The Language Shift
by Marty Abbott
September 18, 2013
What is it about the United States that we remain the only developed country that routinely graduates students from high school with the knowledge of only one language? … Most students have viewed language learning as a requirement, sometimes for graduation from high school, sometimes for admission to college or as a college requirement for a certain major. This leads to an attitude that several years of language study is something that you tick off your list of accomplishments. In addition, with the focus on study and not on communication, we have generations of Americans who feel that their investment in language study did not pay off in significant dividends.
However, with our changing demographics, our emphasis on global competitiveness, and our increased use of the Internet and social media to stay connected—we are beginning to see a shift in attitude mainly among our young people. This shift involves viewing language learning and cultural understanding as a critical necessity for success in today's global environment. As young learners interact on a daily basis via the internet, they are increasingly engaging with those who do not necessarily speak English. While historically American citizens had little need to know other languages, the interconnectivity of today's society guarantees that most U.S. citizens will encounter someone whose native language is not English—for most on a daily basis. And it is this interconnectivity that is forcing the shift in interest in language learning across the United States.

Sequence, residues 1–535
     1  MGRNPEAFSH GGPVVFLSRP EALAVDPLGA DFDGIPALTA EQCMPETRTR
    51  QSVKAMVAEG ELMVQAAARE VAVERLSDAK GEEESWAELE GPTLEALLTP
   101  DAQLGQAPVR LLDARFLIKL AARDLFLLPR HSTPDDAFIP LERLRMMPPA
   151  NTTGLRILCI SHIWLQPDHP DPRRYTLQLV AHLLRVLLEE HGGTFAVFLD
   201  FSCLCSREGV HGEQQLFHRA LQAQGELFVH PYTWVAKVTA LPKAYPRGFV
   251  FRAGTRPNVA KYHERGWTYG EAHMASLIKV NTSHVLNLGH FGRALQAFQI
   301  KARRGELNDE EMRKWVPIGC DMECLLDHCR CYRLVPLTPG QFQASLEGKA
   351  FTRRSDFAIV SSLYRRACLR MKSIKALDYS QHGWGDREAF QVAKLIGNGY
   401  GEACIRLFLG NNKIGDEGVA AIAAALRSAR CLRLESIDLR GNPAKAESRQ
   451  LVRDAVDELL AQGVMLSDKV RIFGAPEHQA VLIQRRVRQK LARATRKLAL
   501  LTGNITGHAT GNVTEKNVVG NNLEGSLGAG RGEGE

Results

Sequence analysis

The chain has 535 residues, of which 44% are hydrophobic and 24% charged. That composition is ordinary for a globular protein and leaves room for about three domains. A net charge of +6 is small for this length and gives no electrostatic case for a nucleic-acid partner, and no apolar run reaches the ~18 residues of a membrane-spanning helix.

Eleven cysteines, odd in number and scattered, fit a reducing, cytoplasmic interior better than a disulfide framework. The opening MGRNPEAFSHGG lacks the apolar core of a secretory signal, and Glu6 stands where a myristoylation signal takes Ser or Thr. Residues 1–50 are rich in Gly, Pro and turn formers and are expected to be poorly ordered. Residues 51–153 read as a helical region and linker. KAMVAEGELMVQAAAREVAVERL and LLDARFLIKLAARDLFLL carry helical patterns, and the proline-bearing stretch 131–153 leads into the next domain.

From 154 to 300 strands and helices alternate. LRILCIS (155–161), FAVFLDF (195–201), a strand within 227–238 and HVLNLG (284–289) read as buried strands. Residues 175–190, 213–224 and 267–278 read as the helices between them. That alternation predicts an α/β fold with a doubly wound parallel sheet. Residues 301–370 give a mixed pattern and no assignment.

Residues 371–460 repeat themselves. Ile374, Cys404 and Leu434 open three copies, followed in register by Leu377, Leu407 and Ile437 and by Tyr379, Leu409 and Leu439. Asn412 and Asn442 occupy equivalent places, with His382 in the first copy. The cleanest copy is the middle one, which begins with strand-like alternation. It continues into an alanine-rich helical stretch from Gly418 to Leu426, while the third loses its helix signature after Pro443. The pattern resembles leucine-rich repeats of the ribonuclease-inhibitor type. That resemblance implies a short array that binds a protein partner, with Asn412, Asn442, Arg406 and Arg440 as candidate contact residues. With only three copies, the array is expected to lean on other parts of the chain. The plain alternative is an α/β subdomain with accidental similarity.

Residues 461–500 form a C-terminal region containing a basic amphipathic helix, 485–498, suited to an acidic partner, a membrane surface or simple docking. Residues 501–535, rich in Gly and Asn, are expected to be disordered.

Read on at http://blogs.edweek.org/edweek/global_learning/2013/09/the_language_shift.html to learn about an upcoming advocacy effort from the American Council on the Teaching of Foreign Languages.